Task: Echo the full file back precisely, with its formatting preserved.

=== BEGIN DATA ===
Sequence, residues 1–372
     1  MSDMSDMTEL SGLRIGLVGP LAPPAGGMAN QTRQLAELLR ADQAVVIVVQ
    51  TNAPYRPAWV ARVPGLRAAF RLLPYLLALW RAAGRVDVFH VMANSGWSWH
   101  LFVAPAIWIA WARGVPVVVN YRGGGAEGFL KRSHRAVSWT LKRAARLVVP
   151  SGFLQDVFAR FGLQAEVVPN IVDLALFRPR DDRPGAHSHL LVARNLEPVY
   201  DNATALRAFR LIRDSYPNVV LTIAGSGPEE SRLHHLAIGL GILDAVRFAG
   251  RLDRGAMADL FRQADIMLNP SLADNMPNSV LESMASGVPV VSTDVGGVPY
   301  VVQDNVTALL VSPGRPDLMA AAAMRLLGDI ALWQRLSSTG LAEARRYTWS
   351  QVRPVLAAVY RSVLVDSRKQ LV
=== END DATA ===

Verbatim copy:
Sequence, residues 1–372
     1  MSDMSDMTEL SGLRIGLVGP LAPPAGGMAN QTRQLAELLR ADQAVVIVVQ
    51  TNAPYRPAWV ARVPGLRAAF RLLPYLLALW RAAGRVDVFH VMANSGWSWH
   101  LFVAPAIWIA WARGVPVVVN YRGGGAEGFL KRSHRAVSWT LKRAARLVVP
   151  SGFLQDVFAR FGLQAEVVPN IVDLALFRPR DDRPGAHSHL LVARNLEPVY
   201  DNATALRAFR LIRDSYPNVV LTIAGSGPEE SRLHHLAIGL GILDAVRFAG
   251  RLDRGAMADL FRQADIMLNP SLADNMPNSV LESMASGVPV VSTDVGGVPY
   301  VVQDNVTALL VSPGRPDLMA AAAMRLLGDI ALWQRLSSTG LAEARRYTWS
   351  QVRPVLAAVY RSVLVDSRKQ LV